number of tables in Datafiles
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Thread: number of tables in Datafiles

  1. #1
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    Is there a benefit to having one table per tablespace on the same disk, instead of having multiple tables in one tablespace. Is their a performance issue with this. thanks


  2. #2
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    On the same disk? No.
    Jeff Hunter
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  3. #3
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    Performance issues related to No of Tables in a TBS is not defined as such. It might be conceptually wrong to ask the question but ..

    TBS has Datafile that could be spread on to differen Disks.
    There might be some performance degradation if a Table in a TBS is spread onto too many datafiles.

  4. #4
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    Originally posted by patnams
    There might be some performance degradation if a Table in a TBS is spread onto too many datafiles.
    How so?
    Jeff Hunter
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  5. #5
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    Originally posted by patnams
    There might be some performance degradation if a Table in a TBS is spread onto too many datafiles.
    you mean the other way round?

  6. #6
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    What I meant was that when a table exists on multiple datafiles, it also means that it is fragmented that many times as the number of disks.

    (both Clustering and Indexed Organized Tables are based on concept of trying to storing data in nearly one physical location )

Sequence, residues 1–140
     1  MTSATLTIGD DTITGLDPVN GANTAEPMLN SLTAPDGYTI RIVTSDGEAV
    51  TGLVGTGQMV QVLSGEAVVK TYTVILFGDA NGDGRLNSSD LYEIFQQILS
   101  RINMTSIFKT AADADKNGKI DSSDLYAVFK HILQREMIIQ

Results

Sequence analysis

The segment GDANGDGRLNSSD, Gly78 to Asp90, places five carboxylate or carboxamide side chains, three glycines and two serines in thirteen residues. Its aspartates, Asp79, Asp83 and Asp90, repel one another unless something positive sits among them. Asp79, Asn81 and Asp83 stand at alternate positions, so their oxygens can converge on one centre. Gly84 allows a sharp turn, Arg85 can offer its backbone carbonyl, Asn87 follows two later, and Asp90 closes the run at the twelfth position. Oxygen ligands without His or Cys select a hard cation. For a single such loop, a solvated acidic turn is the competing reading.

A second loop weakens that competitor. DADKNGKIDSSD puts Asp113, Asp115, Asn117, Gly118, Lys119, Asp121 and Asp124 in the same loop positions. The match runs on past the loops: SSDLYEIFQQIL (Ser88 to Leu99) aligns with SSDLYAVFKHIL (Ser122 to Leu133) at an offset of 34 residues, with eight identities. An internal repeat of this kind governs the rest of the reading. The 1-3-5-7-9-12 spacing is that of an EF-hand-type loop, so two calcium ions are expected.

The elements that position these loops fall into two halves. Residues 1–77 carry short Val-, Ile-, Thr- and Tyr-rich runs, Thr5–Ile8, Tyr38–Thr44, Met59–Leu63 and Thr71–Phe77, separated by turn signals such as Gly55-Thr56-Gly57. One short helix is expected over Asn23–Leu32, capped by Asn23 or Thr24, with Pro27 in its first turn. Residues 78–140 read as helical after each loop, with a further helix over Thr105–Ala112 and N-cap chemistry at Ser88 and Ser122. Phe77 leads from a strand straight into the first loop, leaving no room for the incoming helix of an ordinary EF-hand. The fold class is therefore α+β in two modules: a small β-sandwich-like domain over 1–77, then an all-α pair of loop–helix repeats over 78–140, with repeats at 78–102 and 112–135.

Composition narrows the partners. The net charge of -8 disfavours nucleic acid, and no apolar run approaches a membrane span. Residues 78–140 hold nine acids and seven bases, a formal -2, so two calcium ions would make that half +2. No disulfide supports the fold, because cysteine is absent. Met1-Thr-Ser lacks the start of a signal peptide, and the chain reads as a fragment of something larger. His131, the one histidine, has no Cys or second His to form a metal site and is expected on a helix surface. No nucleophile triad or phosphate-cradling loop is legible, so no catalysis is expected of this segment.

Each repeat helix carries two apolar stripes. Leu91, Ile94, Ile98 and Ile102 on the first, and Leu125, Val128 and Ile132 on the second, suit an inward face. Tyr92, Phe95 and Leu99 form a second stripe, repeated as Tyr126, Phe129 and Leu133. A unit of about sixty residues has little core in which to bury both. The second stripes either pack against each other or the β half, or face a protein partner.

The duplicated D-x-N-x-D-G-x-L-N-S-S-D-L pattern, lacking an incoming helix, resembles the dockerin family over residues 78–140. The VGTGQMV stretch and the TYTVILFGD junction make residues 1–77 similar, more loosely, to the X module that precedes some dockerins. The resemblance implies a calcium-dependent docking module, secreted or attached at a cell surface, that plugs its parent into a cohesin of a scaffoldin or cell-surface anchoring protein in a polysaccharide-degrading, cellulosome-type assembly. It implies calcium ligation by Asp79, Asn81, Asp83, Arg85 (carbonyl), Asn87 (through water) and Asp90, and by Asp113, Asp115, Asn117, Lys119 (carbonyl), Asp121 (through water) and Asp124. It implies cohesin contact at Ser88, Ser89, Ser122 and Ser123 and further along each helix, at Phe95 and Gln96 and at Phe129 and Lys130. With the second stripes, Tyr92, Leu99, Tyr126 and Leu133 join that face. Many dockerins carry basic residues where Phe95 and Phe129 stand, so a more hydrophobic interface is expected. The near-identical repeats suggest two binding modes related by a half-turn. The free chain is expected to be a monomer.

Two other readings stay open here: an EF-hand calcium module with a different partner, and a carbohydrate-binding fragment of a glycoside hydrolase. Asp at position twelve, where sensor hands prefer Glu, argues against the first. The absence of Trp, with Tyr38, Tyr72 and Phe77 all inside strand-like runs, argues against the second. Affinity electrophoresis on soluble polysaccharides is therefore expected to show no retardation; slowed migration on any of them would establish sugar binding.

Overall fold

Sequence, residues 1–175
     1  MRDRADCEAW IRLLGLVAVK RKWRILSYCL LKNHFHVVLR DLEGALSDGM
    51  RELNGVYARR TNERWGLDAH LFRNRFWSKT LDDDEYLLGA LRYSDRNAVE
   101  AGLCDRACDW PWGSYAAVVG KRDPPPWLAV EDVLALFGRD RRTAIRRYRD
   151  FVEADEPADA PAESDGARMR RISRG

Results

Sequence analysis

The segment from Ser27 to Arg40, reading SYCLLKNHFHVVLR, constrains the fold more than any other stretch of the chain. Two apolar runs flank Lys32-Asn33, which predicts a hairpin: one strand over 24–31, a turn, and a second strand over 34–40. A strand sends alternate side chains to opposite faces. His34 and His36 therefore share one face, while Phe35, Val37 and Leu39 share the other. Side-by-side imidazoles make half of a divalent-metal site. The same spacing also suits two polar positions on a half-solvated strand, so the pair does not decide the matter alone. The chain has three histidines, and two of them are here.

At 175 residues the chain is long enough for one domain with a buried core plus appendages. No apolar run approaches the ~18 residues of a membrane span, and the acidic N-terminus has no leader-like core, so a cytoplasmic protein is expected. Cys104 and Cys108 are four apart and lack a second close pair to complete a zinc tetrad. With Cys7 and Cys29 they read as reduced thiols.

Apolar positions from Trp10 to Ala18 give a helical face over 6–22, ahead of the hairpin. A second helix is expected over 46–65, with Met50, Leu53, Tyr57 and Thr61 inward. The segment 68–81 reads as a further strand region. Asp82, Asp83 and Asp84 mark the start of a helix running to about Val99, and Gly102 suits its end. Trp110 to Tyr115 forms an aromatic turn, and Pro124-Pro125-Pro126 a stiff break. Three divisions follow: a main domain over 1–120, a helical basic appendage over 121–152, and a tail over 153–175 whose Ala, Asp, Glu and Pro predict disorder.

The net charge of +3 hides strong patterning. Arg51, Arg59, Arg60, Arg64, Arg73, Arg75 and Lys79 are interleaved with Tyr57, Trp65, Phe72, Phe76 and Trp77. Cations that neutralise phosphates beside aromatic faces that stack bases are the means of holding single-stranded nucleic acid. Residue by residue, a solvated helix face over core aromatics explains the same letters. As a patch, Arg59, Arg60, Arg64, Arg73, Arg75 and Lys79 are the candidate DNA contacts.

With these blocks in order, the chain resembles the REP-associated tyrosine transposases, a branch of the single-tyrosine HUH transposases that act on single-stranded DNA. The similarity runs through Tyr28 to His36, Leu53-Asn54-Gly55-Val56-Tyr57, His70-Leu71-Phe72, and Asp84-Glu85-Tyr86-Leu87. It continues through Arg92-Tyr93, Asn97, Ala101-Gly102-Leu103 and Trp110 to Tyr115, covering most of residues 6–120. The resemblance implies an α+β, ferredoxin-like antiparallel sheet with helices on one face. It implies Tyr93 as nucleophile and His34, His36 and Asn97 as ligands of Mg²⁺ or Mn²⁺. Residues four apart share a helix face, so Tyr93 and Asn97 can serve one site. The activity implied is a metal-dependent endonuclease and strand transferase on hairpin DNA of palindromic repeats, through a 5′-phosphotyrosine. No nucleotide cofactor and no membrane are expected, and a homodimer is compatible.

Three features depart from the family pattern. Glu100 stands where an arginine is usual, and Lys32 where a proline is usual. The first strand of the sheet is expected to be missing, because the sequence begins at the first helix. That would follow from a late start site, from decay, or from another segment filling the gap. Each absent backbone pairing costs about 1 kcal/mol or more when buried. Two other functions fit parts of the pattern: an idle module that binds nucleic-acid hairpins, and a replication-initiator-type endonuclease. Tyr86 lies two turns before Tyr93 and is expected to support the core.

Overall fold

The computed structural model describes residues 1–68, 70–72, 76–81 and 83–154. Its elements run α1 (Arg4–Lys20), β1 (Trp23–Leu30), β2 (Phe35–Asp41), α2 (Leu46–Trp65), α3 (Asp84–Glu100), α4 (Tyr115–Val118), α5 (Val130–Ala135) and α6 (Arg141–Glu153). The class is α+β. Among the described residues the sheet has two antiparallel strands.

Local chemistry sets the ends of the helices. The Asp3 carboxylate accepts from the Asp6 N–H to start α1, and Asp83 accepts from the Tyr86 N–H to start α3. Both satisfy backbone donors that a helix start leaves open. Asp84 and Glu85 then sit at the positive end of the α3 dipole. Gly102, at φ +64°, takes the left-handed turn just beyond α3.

7. #7
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    Originally posted by patnams
    What I meant was that when a table exists on multiple datafiles, it also means that it is fragmented that many times as the number of disks.
    I definitely disagree.

    Just because a table is in multiple extents does not mean it is fragmented.

    In addition, when you have multiple devices spinning to retrieve your data you will get much better performance then when everything is on one device.
    Jeff Hunter
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  8. #8
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    Originally posted by patnams
    What I meant was that when a table exists on multiple datafiles, it also means that it is fragmented that many times as the number of disks.

    (both Clustering and Indexed Organized Tables are based on concept of trying to storing data in nearly one physical location )
    seems like you still belive this old myth of multiple extents is bad....

  9. #9
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    With so may moving parts available these, it is surely based on old myth.

    I've done a lot of experimenting with fragmentation before, but never could really attribute performance to fragmentation.

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